All eyes remain on the Federal Reserve and whether they continue to increase the short-term interest rate. Inflation is clearly coming down, but the Fed continues its “hawkish” tone that they will keep at this until they feel that they’ve won the fight on inflation.
Here is a chart that should be getting more notice. It shows the 6-month annualized consumer price index (CPI) with and without shelter prices. According to Scott Grannis (and others), shelter prices lag the reality of the housing market by around 18 months – and shelter prices have been a huge driver of inflation over the last two years. If we strip out shelter prices, CPI is down to less than one percent (on this 6-month annualized basis). Yet, the Fed seems overly focused on the labor market as the principal driver of inflation. If we can get inflation down and raise wages without throwing people out of work, what’s not to like? So far, that doesn’t appear to be the thinking at the Fed.
The S&P 500 index dropped from 4766 to 3839 in 2022. That’s a drop of 19.4%. Further, the index bottomed out on October 14th at 3,583 for a drop of 24.8%. However, the companies in the index increased their dividend payout ratio by a whopping 15.4% last year. In other words, 2022 was a fantastic year to reinvest dividends! – a high dividend payout ratio while stock prices were depressed. If you ever doubt the ability of stocks to fight inflation, keep this in mind: stocks in the index have, on average, increased their dividend payouts by 6.95% annually over the last 10 years. It’s a remarkably similar number over 20 years at 6.93%.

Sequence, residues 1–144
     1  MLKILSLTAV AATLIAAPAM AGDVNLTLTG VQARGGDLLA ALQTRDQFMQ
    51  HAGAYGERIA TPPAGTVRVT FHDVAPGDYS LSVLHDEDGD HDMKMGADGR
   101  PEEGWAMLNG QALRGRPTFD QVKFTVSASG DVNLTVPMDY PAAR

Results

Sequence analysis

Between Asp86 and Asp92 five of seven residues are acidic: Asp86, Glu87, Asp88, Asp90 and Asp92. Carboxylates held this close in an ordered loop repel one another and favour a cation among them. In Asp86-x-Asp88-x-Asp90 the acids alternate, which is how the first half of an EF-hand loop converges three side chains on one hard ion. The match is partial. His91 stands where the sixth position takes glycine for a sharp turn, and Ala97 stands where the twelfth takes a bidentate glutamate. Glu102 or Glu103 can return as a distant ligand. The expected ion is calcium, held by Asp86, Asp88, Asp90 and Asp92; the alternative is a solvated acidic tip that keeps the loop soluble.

Earnings in the S&P 500 companies declined 2.8% in the first quarter. If we consider that, going into first-quarter earnings season, estimates were calling for a decline over 7%, the first quarter was an unqualified success. Companies are navigating the inflationary environment better than expected. Earnings reports for the second quarter start this week.
Compared to large companies, small and mid-sized companies continue to trade at very low “P/E multiples”. A “P/E multiple” is simply the price of the stock divided by the estimated earnings for the next year. Normally, small and mid-sized companies trade at a higher P/E given their ability to grow faster because investors are willing to pay more for that potential growth. According to Yardeni Reseseach, large companies are trading at a 19.0 P/E while small companies are at 13.2 and mid-sized companies are at 13.6. I can’t tell whether it’s a buy signal from God, but I think it’s safe to say that this should eventually correct. And when it does, we could see a powerful rally in small and mid-sized companies.
We’re not hearing much about the health of banks lately. I still consider this to be a concern. But apparently merger and acquisition activity has picked up in the banking sector, and some experts are saying this should help firm up the weak areas of the banking system. Let’s hope they’re correct.
There has been much concern about how the U.S. economy will run out of steam once the government “stimulus” funds are spent by consumers. Well, maybe not so fast. I read an interesting piece from Yardeni Research discussing the amount of net worth owned by generation. The Baby Boomers own almost $75 trillion (with a T) of net worth, which is over half of the net worth in the U.S….and they are just starting to spend it. The Boomers are not the frugal Silent Generation. The net worth owned by the Boomers dwarfs the excess savings of roughly $0.5 trillion that remain from the pandemic.
Bottom Line: A “soft” landing in markets looks more likely, but the Fed could still spoil the recovery if they remain aggressive on rate hikes. In the meantime, stay patient, stay disciplined, and stay invested.
 https://pages.stern.nyu.edu/~adamodar/New_Home_Page/datafile/spearn.htm  Yardeni, July 2023